Standardized testing teaches us from an early age that if you check all of the right answers, you pass the exam and can even get a high grade. The Pharisees of Jesus’ time were criticized by Jesus for their focus on the letter of the law rather than God's intent (Luke 11:42). Me too. I like checklists for accomplishing tasks and saying at the end of each day, "I got it all done!" Even for salvation, I had my checklist-
• Be nice
• Help people
• Don't swear very much
• Obey the commandments
• Go to church on Sundays, EVERY Sunday
• Don’t eat meat on Fridays during Lent
• Give money to the church
Hit the checklist and you have checked the boxes to salvation. As a leftover from my Roman Catholic religious training and theology, I did not fully shed my "road to heaven" attitude. [ES1] [TS2] As I talked to many people, evangelical Christians, believers in God but not Christians, and every other stripe of Christian, I found some, if not most, believed that there was a checklist to reaching salvation (Matthew 19:16-21).
Their lists were actually pretty similar, except the Friday fish part and the EVERY Sunday thing. There was a strong feeling that they should do something meaningful for God. Maybe they should open an orphanage, start a foundation, serve on a board of a not-for-profit…something. It was an insurance policy in case the salvation list wasn't full enough, kind of like adding extra-curricular activities to your college application.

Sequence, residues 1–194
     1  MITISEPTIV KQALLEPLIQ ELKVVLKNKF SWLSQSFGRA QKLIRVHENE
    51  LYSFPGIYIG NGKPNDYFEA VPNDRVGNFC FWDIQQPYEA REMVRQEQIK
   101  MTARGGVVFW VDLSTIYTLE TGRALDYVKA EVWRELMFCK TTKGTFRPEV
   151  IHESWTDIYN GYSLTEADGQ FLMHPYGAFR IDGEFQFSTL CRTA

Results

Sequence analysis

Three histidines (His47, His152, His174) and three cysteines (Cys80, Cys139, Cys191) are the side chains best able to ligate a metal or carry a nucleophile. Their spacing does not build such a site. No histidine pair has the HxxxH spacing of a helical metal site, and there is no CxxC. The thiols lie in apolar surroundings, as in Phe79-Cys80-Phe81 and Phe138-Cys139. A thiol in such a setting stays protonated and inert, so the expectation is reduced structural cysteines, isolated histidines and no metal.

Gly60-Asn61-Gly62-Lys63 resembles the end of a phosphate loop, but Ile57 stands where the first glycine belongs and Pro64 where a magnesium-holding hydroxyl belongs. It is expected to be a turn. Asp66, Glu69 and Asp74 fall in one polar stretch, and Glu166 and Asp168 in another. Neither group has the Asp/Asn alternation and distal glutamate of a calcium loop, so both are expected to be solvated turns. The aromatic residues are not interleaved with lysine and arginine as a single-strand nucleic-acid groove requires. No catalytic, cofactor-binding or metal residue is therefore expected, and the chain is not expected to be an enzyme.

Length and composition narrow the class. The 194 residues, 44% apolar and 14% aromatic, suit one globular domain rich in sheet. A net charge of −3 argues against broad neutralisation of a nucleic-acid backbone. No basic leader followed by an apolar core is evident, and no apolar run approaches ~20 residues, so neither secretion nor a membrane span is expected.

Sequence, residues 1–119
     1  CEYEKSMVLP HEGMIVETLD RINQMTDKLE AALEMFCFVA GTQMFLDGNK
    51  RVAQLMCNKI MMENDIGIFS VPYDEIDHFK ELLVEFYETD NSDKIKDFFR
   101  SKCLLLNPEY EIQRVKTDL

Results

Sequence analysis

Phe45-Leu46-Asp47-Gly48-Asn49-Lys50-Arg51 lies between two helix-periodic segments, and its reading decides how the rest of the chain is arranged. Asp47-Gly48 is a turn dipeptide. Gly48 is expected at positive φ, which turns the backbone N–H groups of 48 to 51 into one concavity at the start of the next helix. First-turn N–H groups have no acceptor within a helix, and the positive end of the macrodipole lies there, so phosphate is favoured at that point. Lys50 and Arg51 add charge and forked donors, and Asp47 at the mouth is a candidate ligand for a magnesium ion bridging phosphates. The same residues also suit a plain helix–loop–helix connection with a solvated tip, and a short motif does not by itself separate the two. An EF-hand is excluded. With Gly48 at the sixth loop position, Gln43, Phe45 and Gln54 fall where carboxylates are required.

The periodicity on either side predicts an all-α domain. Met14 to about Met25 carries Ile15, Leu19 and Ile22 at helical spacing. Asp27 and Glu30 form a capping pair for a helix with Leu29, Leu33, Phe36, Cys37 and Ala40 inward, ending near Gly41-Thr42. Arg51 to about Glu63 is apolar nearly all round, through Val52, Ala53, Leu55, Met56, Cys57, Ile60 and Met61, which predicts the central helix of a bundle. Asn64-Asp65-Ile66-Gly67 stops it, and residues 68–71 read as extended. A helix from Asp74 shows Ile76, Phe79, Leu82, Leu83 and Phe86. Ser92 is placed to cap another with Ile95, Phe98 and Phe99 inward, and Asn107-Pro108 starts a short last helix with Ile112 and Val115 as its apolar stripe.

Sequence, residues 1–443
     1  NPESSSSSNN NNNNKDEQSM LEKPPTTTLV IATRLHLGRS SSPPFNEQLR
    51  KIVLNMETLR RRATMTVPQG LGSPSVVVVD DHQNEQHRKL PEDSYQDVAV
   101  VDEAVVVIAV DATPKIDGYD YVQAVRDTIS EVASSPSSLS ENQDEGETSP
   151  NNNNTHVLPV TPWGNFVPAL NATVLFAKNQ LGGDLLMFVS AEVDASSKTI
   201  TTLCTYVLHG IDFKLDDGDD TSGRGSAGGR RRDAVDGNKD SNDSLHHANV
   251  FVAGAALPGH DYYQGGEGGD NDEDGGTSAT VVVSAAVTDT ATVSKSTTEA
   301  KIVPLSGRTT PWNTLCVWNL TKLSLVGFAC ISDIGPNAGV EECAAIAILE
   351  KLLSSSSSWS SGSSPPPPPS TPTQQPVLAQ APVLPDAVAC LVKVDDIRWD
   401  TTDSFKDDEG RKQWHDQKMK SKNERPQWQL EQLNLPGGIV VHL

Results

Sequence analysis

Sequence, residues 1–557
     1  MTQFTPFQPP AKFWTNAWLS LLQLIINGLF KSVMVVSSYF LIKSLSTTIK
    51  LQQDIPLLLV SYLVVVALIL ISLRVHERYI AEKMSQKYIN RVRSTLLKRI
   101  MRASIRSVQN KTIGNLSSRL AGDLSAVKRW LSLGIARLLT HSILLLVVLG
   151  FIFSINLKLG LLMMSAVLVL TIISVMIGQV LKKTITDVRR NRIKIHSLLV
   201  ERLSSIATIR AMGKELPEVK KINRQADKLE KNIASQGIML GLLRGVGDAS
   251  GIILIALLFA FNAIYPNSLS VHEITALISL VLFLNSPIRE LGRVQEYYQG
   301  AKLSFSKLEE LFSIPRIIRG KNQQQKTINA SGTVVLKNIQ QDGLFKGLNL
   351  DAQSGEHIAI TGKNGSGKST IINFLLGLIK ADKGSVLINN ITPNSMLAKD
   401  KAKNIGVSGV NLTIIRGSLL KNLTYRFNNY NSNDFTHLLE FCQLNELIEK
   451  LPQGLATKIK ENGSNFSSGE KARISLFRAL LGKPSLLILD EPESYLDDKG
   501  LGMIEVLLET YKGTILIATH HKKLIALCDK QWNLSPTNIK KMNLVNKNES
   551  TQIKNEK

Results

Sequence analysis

I think that the idea of having a list for many of us comes from two places:
1. The need for a clear path to follow:
It just CAN’T be as easy as loving God with my whole heart, soul, and mind…. loving my neighbor as myself, and spreading the Good News. It must take something more. Every other job promotion did. We all like the assuredness of the "To Do" list with approval at completion. Besides, love isn't a list. I don't really like a lot of my neighbors, let alone love them, so that is tough. A list would be easier.
2 . An implied guarantee of salvation:
If I had a list to check off, then I would get a guarantee. If we were talking about ETERNAL SALVATION, a guarantee would be great. It's a checklist, so I do the item, check the list, take the self-monitored test, get all of the items finished and I'm in! I may not be in the front row of heaven, but I still got in the gates. The last think I want is to be outside the gates in the "wailing and gnashing of teeth" section (Matthew 13:42).
We get to determine loving? How do you measure? Who can say?
As for spreading the good news, I tell everybody at church, right? Doesn't that about cover it?
I really loved this lie, if I am being honest. It fits in with all of my achievement orientation. It can be scheduled and planned for. I get to compete in a subtle way- I can look at other people and see how fast they are moving on their checklist. Like most of my lies on my way to Jesus, they were lies that let me control my relationship with Him. He was not the center of my life. I was comfortably driving the car, holding the map and making good time. It's a great lie and it is a long lie. It is the kind of lie that may have lasted me a lifetime without the blessing of His breaking me. More on that later.
Let's call this malady the "Task Trap." The little Pavlovian response of how good it feels when I complete a list of things that I have to get done. I'm so hooked on this that I go back and write on my list things that I have done earlier that were not on the list just so I can check them off. That's sick! It's mysickness, but it is still sick. In this trap, I have turned my relationship with God into a list of things. When I have done them, I get the gold medal. If you look really close, the operative pronoun is "I." "I" attain heaven through what "I" have done. As soon as "I" have done enough that “I”have decided upon, then "I" am finished. Possibly, "I" have control issues (Ephesians 2:8).